CNS accumulation of regulatory B cells is VLA-4-dependent

Klaus Lehmann-Horn, Sharon A Sagan, Ryan C Winger, Collin M Spencer, Claude C A Bernard, Raymond A Sobel, Scott S Zamvil

Research output: Contribution to journalArticleResearchpeer-review

Abstract

OBJECTIVE: To investigate the role of very late antigen-4 (VLA-4) on regulatory B cells (Breg) in CNS autoimmune disease. METHODS: Experimental autoimmune encephalomyelitis (EAE) was induced in mice selectively deficient for VLA-4 on B cells (CD19cre/alpha4(f/f)) by immunization with myelin oligodendrocyte glycoprotein (MOG) peptide (p)35-55 or recombinant human (rh) MOG protein. B-cell and T-cell populations were examined by flow cytometry and immunohistochemistry. Breg were evaluated by intracellular IL-10 staining of B cells and, secondly, by coexpression of CD1d and CD5. RESULTS: As previously reported, EAE was less severe in B-cell VLA-4-deficient vs control CD19cre mice when induced by rhMOG, a model that is B-cell-dependent and leads to efficient B-cell activation and antibody production. Paradoxically, B-cell VLA-4-deficient mice developed more severe clinical disease than control mice when EAE was induced with MOG p35-55, a B-cell-independent encephalitogen that does not efficiently activate B cells. Peripheral T-cell and humoral immune responses were not altered in B-cell VLA-4-deficient mice. In MOG p35-55-induced EAE, B-cell VLA-4 deficiency reduced CNS accumulation of B but not T cells. Breg were detected in the CNS of control mice with MOG p35-55-induced EAE. However, more severe EAE in B-cell VLA-4-deficient mice was associated with virtual absence of CNS Breg. CONCLUSIONS: Our results demonstrate that CNS accumulation of Breg is VLA-4-dependent and suggest that Breg may contribute to regulation of CNS autoimmunity in situ. These observations underscore the need to choose the appropriate encephalitogen when studying how B cells contribute to pathogenesis or regulation of CNS autoimmunity.
Original languageEnglish
Pages (from-to)1-7
Number of pages7
JournalNeurology: Neuroimmunology & Neuroinflammation
Volume3
Issue number2
DOIs
Publication statusPublished - 2016

Cite this

Lehmann-Horn, K., Sagan, S. A., Winger, R. C., Spencer, C. M., Bernard, C. C. A., Sobel, R. A., & Zamvil, S. S. (2016). CNS accumulation of regulatory B cells is VLA-4-dependent. Neurology: Neuroimmunology & Neuroinflammation, 3(2), 1-7. https://doi.org/10.1212/NXI.0000000000000212
Lehmann-Horn, Klaus ; Sagan, Sharon A ; Winger, Ryan C ; Spencer, Collin M ; Bernard, Claude C A ; Sobel, Raymond A ; Zamvil, Scott S. / CNS accumulation of regulatory B cells is VLA-4-dependent. In: Neurology: Neuroimmunology & Neuroinflammation. 2016 ; Vol. 3, No. 2. pp. 1-7.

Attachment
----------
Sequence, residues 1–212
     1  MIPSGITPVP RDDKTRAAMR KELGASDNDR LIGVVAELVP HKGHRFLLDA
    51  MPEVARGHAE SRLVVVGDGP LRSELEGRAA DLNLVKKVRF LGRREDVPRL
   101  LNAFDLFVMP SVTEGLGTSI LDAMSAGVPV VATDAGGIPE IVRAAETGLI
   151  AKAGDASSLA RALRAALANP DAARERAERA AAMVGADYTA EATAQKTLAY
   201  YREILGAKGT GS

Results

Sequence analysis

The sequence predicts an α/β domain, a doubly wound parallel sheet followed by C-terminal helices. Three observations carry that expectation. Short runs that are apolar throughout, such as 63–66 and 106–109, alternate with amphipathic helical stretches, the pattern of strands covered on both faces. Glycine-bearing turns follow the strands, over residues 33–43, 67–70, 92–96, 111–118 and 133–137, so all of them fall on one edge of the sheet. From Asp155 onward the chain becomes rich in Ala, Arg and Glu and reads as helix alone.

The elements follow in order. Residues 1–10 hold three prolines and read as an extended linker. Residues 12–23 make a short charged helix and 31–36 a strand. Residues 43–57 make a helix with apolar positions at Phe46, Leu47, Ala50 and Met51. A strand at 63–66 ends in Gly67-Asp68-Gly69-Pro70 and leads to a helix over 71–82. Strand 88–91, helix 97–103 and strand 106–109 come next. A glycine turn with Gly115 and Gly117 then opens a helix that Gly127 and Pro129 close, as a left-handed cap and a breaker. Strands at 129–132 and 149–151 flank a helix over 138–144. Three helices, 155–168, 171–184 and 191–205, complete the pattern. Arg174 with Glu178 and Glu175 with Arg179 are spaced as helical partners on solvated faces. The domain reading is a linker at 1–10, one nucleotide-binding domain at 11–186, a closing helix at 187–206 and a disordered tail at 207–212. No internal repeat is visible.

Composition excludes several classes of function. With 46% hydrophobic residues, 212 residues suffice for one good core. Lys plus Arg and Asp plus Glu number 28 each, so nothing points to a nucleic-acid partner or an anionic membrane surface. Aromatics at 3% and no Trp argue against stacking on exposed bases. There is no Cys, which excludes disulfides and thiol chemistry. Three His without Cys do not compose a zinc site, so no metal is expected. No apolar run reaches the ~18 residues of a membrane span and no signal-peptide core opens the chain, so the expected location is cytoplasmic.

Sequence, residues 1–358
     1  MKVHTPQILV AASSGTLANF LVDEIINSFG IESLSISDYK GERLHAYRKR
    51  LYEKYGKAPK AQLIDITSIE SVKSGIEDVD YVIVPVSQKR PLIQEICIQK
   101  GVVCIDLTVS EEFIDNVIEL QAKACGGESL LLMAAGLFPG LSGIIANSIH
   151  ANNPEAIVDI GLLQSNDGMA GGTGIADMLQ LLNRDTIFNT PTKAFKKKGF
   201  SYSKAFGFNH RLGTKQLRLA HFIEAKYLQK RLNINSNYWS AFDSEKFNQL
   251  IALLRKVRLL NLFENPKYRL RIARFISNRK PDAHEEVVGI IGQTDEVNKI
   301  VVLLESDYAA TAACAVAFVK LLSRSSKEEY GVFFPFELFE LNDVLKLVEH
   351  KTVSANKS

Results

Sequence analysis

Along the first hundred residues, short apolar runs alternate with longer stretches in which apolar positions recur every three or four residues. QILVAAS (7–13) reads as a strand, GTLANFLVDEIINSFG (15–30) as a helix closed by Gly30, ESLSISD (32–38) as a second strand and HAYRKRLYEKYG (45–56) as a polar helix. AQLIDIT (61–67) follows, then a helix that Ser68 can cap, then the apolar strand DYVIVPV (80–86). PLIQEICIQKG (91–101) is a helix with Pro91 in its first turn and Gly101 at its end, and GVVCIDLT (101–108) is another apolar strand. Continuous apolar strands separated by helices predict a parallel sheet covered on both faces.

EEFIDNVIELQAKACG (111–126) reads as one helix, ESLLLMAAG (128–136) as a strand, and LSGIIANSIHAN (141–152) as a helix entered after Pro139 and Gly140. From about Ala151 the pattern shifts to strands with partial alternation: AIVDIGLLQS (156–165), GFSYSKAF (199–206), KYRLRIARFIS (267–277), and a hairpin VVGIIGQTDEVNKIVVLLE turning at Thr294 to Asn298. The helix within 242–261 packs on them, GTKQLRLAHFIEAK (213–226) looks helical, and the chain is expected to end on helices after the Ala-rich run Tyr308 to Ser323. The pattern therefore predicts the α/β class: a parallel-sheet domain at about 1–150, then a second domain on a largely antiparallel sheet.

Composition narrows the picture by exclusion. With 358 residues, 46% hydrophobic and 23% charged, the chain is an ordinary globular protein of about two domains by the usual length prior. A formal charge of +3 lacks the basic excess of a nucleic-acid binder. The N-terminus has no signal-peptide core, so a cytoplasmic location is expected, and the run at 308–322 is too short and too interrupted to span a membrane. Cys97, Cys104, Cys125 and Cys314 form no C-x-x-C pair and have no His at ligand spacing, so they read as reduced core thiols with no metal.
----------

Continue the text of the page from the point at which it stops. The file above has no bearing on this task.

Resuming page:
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abstract = "OBJECTIVE: To investigate the role of very late antigen-4 (VLA-4) on regulatory B cells (Breg) in CNS autoimmune disease. METHODS: Experimental autoimmune encephalomyelitis (EAE) was induced in mice selectively deficient for VLA-4 on B cells (CD19cre/alpha4(f/f)) by immunization with myelin oligodendrocyte glycoprotein (MOG) peptide (p)35-55 or recombinant human (rh) MOG protein. B-cell and T-cell populations were examined by flow cytometry and immunohistochemistry. Breg were evaluated by intracellular IL-10 staining of B cells and, secondly, by coexpression of CD1d and CD5. RESULTS: As previously reported, EAE was less severe in B-cell VLA-4-deficient vs control CD19cre mice when induced by rhMOG, a model that is B-cell-dependent and leads to efficient B-cell activation and antibody production. Paradoxically, B-cell VLA-4-deficient mice developed more severe clinical disease than control mice when EAE was induced with MOG p35-55, a B-cell-independent encephalitogen that does not efficiently activate B cells. Peripheral T-cell and humoral immune responses were not altered in B-cell VLA-4-deficient mice. In MOG p35-55-induced EAE, B-cell VLA-4 deficiency reduced CNS accumulation of B but not T cells. Breg were detected in the CNS of control mice with MOG p35-55-induced EAE. However, more severe EAE in B-cell VLA-4-deficient mice was associated with virtual absence of CNS Breg. CONCLUSIONS: Our results demonstrate that CNS accumulation of Breg is VLA-4-dependent and suggest that Breg may contribute to regulation of CNS autoimmunity in situ. These observations underscore the need to choose the appropriate encephalitogen when studying how B cells contribute to pathogenesis or regulation of CNS autoimmunity.",
author = "Klaus Lehmann-Horn and Sagan, {Sharon A} and Winger, {Ryan C} and Spencer, {Collin M} and Bernard, {Claude C A} and Sobel, {Raymond A} and Zamvil, {Scott S}",
year = "2016",